- Stand #WithRefugees. Take to social media and explain why you are #WithRefugees. Advocacy is more powerful if we can show a groundswell of public support.
- Make your voice heard. With the ideas in the Refugee Council USA’s advocacy toolkit, you can better work for the interests of people who have had to flee their homes. The toolkit has practical ideas on speaking with your local and national representatives, using social media for advocacy and civic engagement to show that you welcome refugees.
- Get involved. Chances are, there is a nonprofit that serves refugees near you. I’m looking into teaching art classes to young people who have resettled in Portland, but you can find volunteering opportunities that match your interests, whether those are in fund-raising, translation, tutoring or even becoming a family’s “buddy.”
- Be a friend. Seek out refugees in your community and smile. Ask the kids what they like to do. Ask if they need a hand with anything. Share something about yourself. Relocating to a place where you don’t speak the language, understand the customs or look like the majority can be isolating and disorienting. (And did you know that when refugees apply for resettlement, they don’t get to choose where they go? So refugees are somewhat randomly assigned to any number of countries—imagine the uncertainty!) You can create a semi-formalized friendship through a local “buddy” program or mingle with neighbors—the long-standing ones as well as recent ones—at community events like Butterfly Boxes’ monthly potlucks.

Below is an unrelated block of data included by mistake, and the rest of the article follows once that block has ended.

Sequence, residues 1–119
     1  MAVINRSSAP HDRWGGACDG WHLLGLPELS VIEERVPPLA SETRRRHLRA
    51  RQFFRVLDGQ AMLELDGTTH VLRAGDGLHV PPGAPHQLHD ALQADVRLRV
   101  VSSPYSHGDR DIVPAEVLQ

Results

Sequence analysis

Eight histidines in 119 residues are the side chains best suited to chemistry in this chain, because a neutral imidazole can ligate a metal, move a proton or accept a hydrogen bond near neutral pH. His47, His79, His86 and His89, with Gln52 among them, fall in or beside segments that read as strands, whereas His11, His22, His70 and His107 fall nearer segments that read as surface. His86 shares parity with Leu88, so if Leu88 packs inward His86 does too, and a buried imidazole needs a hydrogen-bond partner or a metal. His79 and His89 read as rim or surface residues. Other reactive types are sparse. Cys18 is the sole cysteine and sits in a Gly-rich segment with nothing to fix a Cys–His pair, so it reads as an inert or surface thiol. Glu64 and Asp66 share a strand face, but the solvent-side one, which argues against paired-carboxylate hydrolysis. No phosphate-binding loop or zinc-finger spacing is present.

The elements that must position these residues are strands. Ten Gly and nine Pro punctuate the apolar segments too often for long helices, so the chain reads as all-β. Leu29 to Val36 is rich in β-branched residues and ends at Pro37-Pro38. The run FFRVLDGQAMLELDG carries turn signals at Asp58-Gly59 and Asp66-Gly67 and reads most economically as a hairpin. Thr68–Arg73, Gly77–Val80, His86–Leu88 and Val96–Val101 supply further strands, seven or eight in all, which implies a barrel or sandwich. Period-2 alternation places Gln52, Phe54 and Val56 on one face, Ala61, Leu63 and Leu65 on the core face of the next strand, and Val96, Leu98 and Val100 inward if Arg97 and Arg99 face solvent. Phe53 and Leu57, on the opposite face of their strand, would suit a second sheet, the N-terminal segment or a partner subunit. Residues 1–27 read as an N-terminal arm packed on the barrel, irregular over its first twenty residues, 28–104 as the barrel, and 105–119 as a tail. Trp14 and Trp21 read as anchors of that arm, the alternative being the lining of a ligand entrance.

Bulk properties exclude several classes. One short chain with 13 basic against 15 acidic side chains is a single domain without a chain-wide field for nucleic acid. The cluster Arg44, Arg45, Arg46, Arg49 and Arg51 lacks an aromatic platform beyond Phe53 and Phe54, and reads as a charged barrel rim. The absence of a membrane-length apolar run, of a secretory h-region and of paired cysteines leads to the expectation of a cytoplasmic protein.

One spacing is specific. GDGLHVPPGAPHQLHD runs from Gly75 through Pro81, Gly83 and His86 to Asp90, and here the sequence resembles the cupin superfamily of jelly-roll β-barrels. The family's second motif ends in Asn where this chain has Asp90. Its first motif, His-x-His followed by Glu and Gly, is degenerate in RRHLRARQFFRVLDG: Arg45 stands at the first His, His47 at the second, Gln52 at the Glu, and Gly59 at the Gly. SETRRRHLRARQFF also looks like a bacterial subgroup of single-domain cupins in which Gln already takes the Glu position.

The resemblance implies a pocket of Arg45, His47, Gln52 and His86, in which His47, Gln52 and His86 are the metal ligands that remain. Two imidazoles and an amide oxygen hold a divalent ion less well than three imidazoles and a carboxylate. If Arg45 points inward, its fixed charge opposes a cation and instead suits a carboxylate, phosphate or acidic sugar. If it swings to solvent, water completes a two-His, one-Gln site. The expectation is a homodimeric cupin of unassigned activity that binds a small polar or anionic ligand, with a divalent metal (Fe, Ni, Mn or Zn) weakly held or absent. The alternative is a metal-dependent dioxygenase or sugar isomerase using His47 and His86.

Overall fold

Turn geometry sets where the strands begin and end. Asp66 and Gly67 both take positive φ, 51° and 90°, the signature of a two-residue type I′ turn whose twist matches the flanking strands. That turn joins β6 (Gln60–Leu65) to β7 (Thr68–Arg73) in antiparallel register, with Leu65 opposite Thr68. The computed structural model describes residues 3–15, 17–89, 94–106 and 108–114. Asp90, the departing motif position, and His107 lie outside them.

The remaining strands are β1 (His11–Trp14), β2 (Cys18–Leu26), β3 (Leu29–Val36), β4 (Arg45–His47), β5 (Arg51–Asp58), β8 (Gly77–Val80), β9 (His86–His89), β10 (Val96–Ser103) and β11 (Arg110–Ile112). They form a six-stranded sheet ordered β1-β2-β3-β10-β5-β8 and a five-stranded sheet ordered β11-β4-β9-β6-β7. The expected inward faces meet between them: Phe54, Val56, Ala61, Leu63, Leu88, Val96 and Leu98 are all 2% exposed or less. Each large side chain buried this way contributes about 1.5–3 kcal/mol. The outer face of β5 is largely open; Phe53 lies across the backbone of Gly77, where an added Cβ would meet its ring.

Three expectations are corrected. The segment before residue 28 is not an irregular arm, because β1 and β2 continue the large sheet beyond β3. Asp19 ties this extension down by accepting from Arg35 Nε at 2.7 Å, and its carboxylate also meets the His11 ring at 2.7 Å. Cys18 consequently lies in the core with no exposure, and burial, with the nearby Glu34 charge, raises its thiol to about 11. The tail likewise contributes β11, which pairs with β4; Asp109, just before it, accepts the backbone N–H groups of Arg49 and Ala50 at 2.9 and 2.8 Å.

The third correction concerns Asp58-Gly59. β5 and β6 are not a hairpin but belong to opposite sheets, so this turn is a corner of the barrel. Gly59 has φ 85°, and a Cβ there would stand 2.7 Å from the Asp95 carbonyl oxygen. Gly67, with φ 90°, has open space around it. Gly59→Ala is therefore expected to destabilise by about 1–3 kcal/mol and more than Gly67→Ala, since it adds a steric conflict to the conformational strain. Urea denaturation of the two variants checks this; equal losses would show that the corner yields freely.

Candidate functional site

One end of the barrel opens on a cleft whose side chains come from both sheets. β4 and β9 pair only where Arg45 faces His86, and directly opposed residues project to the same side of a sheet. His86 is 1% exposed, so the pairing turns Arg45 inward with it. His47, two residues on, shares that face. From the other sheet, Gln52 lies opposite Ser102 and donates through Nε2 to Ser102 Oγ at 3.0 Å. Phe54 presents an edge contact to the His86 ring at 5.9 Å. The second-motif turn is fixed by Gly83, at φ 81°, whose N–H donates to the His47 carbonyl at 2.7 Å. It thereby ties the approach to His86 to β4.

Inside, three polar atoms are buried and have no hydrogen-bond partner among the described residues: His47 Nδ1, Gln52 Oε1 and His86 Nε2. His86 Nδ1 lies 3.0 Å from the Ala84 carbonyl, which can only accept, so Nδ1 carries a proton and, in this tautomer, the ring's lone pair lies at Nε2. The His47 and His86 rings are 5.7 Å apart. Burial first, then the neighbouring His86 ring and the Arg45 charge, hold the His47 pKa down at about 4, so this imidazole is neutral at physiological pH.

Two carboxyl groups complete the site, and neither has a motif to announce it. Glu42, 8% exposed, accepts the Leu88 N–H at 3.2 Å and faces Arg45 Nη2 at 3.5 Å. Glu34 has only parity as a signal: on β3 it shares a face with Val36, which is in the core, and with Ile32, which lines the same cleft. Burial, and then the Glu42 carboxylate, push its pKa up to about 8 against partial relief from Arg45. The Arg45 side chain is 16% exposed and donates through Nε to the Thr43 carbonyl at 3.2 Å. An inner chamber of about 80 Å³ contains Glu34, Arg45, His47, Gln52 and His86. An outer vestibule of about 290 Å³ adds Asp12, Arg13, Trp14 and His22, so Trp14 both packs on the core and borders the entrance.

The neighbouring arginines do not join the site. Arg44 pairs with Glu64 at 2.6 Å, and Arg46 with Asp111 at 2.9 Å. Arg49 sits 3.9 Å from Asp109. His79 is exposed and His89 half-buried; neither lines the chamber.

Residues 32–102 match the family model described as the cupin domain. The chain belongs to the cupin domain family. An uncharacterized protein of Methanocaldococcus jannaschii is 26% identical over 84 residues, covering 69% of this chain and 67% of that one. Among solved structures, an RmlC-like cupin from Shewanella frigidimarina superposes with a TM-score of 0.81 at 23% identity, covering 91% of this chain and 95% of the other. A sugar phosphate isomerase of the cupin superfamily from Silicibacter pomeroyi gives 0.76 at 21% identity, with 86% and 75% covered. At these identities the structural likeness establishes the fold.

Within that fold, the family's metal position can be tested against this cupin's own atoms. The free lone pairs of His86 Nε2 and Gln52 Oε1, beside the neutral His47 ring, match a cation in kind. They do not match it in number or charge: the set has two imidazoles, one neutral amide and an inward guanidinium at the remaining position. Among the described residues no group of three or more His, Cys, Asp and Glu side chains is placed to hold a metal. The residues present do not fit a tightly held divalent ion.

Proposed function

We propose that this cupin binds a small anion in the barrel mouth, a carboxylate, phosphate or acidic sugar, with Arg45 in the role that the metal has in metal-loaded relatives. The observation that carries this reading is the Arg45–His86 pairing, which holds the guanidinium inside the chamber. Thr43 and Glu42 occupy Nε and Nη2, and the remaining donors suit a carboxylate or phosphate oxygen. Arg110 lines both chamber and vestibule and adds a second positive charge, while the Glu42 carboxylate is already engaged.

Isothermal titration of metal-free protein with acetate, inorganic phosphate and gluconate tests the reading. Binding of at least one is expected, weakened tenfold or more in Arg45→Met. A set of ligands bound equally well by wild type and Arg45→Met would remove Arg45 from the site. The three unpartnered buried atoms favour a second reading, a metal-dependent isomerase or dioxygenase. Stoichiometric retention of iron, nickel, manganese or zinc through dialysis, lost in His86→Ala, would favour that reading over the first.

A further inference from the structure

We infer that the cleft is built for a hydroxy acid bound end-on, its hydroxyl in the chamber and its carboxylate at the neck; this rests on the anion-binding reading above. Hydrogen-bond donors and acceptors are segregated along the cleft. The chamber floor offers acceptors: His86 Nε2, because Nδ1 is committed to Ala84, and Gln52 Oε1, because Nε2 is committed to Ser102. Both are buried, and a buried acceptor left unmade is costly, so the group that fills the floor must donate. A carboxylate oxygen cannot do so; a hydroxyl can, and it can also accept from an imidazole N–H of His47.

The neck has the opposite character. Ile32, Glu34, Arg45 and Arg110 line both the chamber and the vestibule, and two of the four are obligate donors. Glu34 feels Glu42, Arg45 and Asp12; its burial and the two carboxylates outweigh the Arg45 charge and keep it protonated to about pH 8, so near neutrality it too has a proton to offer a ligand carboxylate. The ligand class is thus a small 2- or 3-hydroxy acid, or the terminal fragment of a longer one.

- Talk about why you care about the refugee crisis. Our country is divided on just about everything—including refugees. Talk about why you care, why you think we should welcome displaced people, why humankind is stronger united rather than divided. Arm yourselves with the facts that debunk common myths about refugees. You might just change someone’s mind.
- Don’t tune out. There are more than 65 million displaced people worldwide, and that number grows every minute. But the ongoing nature of the global refugee crisis doesn’t give us leave to ignore it. We can’t—the people who need a hand rebuilding their lives are counting on the continued attention and support of those of us who can help.
Nabil—the young refugee who now lives in Seattle, where he bemoans the rain but loves chocolate donuts—is remaking a life for himself in his new home, thanks in part from the continued support of the International Rescue Commission. When I asked him how his life has changed now that he lives in the United States, his answer floored me.
“My father wants us to have a good life and good future,” Nabil told me. “That has become true, because now we are safe in Seattle. I feel safe. And I feel welcome here.”
I work for Microsoft Philanthropies, where I wrote profiles about young refugees and their hopes for the future. This post is separate, is made of my opinions, does not represent the interests of Microsoft and was not compensated.